05 April 2008

Kulturkrieg under Kevin07

This is the best article yet in The Australian on the lame local cover-versions of the "culture wars". This isn't saying much, as The Australian has rendered itself irrelevant within the national debate with its insistence that "culture wars" matter, and that the witterings of Sheridan and Albrechtsen, Adams and Manne et al, are in some way linked to issues of importance to the lives of Australians and the communities in which they live. The Australian had to run the piece again, in its main news section with a slightly punchier headline, hoping to rouse people to Kulturkreig (and, as it turns out, the responses to the dumbed-down shorter version are not exactly at talkback-radio levels of quantity).

The authors of Dear Mr Rudd are entitled to their opinions. They are entitled to compile them into a book. Rudd's expression in the photo on the front of the book shows a man trying to look interested while at the same time trying to stifle yawns and/or annoyance.

In his review of the book, Megalogenis fails to make the case that Robert Manne and other authors of Dear Mr Rudd are imposing some sort of agenda upon Rudd.
Rudd may be the second leader to win on the other bloke's turf, but he is the first to be greeted with a book advising him how to govern

There was a plethora of books on the Liberal Party and what it should/shouldn't do during its period in Opposition 1983-96. Manne is seeking to play a role similar to that played by Gerard Henderson in the mid-90s. Before that, there was a swag of Labor Essays saying what should happen post-Fraser - many of them written by future ministers in the Hawke/Keating government - with patchy records of implementation.
This is the third in a series of quickie compilations to spring from Manne's pet complaint: that his academic voice wasn't being taken seriously enough while the conservatives ruled in Canberra.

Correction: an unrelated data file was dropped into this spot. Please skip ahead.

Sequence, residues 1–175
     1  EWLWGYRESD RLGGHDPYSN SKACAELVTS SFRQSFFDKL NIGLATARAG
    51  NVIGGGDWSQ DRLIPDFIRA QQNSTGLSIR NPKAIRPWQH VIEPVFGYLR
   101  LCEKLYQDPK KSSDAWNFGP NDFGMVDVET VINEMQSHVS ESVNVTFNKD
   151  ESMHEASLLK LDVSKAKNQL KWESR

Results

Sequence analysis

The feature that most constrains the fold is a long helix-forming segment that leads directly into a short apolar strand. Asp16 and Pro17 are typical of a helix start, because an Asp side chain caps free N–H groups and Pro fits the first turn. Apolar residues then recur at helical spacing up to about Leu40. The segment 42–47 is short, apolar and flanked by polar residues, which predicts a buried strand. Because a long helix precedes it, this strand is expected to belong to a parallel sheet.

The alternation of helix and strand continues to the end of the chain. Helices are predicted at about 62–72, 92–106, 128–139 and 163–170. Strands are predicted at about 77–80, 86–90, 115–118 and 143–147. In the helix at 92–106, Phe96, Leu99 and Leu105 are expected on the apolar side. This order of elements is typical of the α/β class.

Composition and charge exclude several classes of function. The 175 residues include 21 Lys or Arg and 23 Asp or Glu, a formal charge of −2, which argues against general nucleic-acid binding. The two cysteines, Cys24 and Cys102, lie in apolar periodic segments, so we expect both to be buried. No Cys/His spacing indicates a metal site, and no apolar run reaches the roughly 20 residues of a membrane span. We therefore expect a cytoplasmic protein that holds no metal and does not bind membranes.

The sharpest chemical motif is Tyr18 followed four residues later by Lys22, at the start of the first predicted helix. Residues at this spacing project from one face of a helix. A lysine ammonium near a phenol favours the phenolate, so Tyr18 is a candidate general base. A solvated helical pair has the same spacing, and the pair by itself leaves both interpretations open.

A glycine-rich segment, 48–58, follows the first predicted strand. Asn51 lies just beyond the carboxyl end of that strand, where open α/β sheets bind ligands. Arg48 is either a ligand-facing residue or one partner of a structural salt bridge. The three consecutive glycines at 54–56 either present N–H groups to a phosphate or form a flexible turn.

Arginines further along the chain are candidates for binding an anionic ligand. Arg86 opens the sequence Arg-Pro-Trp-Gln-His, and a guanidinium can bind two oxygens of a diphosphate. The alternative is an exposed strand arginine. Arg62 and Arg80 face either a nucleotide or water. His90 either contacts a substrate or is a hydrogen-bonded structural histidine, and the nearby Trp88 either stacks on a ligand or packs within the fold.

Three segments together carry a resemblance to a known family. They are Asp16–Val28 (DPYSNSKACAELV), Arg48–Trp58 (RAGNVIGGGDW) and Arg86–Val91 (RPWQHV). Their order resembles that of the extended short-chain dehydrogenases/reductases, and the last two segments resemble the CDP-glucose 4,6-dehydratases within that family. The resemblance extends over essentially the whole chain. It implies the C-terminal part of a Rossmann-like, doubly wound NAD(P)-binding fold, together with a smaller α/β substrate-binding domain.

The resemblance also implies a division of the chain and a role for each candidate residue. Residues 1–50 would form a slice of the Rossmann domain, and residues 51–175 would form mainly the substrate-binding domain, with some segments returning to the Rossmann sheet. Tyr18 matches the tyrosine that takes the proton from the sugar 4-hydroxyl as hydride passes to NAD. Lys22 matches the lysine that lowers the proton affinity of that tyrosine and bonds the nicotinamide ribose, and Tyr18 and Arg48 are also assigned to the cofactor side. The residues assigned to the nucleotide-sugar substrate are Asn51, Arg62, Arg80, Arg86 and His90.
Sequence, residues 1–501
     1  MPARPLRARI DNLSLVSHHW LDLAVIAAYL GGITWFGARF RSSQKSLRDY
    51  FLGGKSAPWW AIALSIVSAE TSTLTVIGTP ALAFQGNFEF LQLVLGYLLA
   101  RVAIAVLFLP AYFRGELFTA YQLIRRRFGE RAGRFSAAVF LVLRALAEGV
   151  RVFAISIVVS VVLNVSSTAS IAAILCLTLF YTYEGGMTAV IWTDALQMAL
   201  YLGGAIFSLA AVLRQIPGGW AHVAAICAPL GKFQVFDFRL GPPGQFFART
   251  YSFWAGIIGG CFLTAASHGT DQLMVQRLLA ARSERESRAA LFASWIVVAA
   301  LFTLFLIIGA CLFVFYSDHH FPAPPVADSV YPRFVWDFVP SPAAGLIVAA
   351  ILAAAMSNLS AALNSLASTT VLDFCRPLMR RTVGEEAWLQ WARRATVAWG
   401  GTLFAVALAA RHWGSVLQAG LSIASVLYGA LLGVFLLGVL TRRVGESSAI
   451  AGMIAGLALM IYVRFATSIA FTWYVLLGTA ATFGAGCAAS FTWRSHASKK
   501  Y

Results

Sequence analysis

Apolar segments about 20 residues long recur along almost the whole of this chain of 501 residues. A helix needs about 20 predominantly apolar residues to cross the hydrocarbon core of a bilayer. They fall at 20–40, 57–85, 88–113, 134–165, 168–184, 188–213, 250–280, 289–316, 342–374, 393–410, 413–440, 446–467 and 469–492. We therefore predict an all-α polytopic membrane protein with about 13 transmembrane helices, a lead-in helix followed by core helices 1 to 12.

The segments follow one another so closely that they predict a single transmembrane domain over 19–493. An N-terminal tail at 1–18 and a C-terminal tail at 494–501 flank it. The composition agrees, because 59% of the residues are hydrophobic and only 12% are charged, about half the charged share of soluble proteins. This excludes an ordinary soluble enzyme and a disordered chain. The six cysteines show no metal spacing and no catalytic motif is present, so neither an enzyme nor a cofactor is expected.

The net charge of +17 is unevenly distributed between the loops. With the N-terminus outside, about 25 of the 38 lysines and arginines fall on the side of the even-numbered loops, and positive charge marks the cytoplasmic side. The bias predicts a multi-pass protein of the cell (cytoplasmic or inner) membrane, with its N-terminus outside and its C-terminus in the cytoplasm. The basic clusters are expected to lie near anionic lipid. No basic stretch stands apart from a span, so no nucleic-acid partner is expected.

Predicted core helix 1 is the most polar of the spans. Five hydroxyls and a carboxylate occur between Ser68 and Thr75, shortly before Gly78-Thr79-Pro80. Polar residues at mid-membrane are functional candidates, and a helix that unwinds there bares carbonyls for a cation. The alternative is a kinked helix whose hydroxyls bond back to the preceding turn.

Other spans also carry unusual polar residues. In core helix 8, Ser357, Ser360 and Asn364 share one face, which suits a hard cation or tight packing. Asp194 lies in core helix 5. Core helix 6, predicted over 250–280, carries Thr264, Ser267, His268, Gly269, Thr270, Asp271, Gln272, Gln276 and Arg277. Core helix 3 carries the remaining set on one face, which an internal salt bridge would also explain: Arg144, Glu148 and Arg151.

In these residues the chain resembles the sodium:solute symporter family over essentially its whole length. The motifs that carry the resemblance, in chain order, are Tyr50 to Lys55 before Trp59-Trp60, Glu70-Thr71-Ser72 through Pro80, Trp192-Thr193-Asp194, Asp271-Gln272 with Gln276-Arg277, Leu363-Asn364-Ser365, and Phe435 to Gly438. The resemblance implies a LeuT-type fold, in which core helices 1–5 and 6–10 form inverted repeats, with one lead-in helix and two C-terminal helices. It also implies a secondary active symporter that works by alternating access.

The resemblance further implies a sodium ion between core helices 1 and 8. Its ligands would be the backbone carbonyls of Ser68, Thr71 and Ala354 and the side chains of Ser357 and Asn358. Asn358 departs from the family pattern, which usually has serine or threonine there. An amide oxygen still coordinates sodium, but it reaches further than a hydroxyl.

Playing the man rather than the ball, George? Is it possible that Manne's objections to the operation of the Howard government wasn't just a hissy fit? How does this square with Megalogenis' blog comment: "One of things [sic] I don't like about the culture warriors is they make it personal. They need each other to keep their columns ticking over".
"Dear Mr Rudd," [Manne] writes, "hopes to help resume the public conversation between public intellectuals and government, which broke down so badly during the Howard years." The problem with this construct is it repeats the folly of the Right in demanding that only fellow travellers get to talk directly to the government of the day. What partially redeems the book is that many of the contributors are experts in their field, and have less interest in the culture wars than does Manne.

No, it doesn't. Manne complains that Howard simply stopped listening to public academics altogether, and is not talking about any sort of exclusivity. It would be extraordinary if Rudd stopped dealing with everyone on the right of Australian politics; even more so if Manne also called on Rudd to do this, and totally beyond the realms of possibility for Rudd to do so at Manne's behest.
The rush to publish while the Government was still in its infancy may explain why some chapters read like early drafts of ideas that may become bigger with time or which may change with experience.

You gotta get in for your chop, I suppose. Being ignored for so long should mean that ideas are better developed, but the collapse of the Howard government did come in something of a rush. Imagine pitching this book eighteen months ago, the assumption that the Howard government was a goner and that Rudd the next PM would be risible.
At the risk of stooping to the level of culture warrior by broad-brushing an entire subgroup of the community, it must be said that the chest-beaters on the Left and Right of our national discourse are surprisingly naive in the ways of politics. They think governments run nations when, in fact, they manage them as best they can. They mistake the limits of power for cowardice and think the exercise of policy reform is an exact science.

This isn't a comment against individuals, but against a style of writing that assumes only one version of Australia, be it Left or Right, is the true expression of national identity.

I basically agree with all of that, but am not sure how it fits with the book under review.